Finding the balance

Undoubtedly, there will be issues to resolve. We were also joined by Gina Neff, Executive Director at Cambridge University’s Minderoo Centre for Technology and Democracy. The Centre recently published a white paper on AI policy in which they explored various areas where there is a danger of things “falling between the cracks”. For example, in relation to employment law. If an AI tool is used to help with hiring processes, but the tool has some discriminatory features, who bears the legal liability for that? There are also important questions relating to intellectual property – how can businesses protect their existing IP in the context of generative AI and when they create new products and services using foundation models? As Gina said, “We need clarity on many areas, because clarity helps business make decisions. If we can get the balance right, AI can spark new products and services that will improve markets and delight customers.”

In my view, the word Gina used here – balance – is really key, because getting this right is all about establishing the appropriate balance between strong ethical approaches and the encouragement of innovation. In fact, embedding an ethical and responsible approach will not only help businesses maintain their crucially important compliance with rules and legislation, but it should also provide the solid foundations from which creativity and innovation can follow.

Data, trust and transparency

Data is a case in point. Isabel Simpson, partner at KPMG Law, highlighted the vital importance of complying with data protection and privacy rules when developing and deploying AI. What data is going into the AI engine, do customers know/consent to this, is the data being used for a secondary purpose rather than the one it was initially collected for? “The ethical use of data will get you a long way towards compliance with rules and guidance. It is key to establishing trust,” Isabel said.

We also heard from a software vendor – Heath Ramsey, VP of Product Management at ServiceNow. Heath stressed the importance of transparency. “We recognise that we need to be very clear about how we’re using our models and data, and about the points where AI or machine learning has been injected into our products. Transparency builds trust and understanding amongst our customers.”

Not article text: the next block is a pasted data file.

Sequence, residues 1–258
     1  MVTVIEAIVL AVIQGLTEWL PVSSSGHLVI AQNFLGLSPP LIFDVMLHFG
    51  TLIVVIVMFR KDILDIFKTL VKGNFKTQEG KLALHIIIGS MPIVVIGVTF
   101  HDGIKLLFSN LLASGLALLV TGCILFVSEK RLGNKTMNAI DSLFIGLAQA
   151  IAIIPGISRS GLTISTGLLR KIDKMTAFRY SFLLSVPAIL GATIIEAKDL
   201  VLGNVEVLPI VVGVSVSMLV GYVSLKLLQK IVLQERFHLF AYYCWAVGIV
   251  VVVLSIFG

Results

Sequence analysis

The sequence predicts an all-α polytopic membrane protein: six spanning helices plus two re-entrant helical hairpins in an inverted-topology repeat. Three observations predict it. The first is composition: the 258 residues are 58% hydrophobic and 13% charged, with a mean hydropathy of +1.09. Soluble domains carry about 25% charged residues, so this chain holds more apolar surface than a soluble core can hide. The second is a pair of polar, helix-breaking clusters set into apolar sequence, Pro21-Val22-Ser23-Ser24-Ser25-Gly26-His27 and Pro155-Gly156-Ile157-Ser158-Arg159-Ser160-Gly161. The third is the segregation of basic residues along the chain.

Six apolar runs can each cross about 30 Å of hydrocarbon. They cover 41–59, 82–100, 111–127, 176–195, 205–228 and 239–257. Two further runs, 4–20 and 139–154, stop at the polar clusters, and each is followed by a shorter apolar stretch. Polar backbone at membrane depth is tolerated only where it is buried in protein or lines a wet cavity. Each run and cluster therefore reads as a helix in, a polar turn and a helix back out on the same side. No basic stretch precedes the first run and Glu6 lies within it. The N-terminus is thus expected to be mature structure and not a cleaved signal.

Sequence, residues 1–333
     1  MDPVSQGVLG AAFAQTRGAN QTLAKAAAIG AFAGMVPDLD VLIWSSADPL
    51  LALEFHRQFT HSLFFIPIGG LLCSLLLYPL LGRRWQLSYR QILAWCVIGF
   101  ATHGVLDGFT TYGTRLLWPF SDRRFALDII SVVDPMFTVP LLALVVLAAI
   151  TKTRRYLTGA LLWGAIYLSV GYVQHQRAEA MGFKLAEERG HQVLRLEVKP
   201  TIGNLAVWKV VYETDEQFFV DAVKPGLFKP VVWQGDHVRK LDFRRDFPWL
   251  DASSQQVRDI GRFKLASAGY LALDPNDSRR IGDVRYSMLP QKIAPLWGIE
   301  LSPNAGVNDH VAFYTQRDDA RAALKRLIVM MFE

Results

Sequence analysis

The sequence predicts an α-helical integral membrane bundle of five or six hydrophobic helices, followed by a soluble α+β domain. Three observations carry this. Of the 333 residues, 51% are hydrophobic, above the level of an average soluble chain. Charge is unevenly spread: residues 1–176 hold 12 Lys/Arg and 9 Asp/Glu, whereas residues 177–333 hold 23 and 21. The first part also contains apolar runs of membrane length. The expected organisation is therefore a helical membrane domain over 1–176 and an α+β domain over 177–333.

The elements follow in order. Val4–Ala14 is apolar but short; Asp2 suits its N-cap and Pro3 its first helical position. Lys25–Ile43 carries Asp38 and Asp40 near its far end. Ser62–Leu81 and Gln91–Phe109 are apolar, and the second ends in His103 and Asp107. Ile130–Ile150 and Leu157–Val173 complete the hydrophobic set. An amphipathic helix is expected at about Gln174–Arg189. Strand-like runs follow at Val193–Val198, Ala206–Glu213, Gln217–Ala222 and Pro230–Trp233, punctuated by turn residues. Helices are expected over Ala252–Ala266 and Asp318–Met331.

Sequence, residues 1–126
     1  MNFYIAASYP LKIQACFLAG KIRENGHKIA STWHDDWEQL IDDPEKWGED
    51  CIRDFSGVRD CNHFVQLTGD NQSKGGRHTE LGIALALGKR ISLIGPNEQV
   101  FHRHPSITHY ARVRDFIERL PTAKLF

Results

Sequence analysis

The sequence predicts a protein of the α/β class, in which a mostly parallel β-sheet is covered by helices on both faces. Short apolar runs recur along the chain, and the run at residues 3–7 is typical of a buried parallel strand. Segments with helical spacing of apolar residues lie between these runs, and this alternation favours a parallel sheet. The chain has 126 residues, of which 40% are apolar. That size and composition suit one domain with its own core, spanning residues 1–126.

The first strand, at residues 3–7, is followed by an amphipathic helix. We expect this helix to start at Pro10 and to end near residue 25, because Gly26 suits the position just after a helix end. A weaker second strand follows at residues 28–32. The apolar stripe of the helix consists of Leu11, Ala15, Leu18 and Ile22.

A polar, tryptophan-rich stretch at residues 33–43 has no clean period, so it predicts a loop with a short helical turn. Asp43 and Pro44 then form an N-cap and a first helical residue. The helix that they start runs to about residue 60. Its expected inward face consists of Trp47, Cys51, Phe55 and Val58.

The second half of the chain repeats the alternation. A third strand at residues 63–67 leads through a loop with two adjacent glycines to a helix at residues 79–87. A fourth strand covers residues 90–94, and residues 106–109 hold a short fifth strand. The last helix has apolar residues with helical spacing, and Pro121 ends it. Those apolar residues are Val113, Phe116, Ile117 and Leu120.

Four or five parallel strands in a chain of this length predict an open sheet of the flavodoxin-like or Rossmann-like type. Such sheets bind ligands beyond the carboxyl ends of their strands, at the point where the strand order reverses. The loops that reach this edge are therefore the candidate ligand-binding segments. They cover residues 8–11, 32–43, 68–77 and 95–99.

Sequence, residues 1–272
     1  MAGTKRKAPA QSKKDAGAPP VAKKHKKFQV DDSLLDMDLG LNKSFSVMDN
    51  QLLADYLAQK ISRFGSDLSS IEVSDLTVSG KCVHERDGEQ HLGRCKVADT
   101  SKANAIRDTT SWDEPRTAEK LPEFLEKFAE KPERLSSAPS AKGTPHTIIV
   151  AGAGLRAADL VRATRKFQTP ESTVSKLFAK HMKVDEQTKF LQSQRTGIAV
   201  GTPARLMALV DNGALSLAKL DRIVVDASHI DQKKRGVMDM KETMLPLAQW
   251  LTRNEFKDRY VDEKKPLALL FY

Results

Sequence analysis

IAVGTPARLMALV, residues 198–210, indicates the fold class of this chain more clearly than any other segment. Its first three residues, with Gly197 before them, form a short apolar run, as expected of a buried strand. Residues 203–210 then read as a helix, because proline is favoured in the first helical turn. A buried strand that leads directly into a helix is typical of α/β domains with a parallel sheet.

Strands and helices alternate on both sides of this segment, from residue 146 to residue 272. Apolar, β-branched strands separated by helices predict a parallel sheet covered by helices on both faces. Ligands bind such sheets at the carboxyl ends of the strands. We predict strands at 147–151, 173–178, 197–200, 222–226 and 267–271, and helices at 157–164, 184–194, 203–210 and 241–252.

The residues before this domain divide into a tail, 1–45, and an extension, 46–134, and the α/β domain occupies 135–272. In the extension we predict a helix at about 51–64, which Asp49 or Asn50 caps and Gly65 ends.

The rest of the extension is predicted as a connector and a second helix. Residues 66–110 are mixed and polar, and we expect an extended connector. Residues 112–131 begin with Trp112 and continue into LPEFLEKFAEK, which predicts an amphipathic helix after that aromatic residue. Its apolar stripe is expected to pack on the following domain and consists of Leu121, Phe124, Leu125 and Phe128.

Heath also outlined that ServiceNow has a responsible AI framework, along with mandatory training for staff that is regularly updated.

Keeping fit for the future

Clearly, ethics and compliance is a topic on the minds of many as they pursue the AI agenda. Something to watch out for is the DRCF’s launch this Spring of an AI and digital hub through which innovators can apply for advice and guidance in connection with any aspect of AI regulatory compliance and receive one response that covers the remits of all four regulators under the DRCF umbrella.

More broadly, as Usman Wahid encouraged, businesses should focus on ensuring they understand what rules and requirements are out there already and what’s coming. “Make an inventory of everywhere in your business where you use AI or semi-autonomous AI such as machine learning. Look at your governance framework and controls around this – and then map it to the regulatory landscape to see where you need to adjust or uplift your approach.”

The AI whirlwind continues – and getting the regulatory compliance piece right is fundamental to progressing on the journey.

Watch our Future of AI event here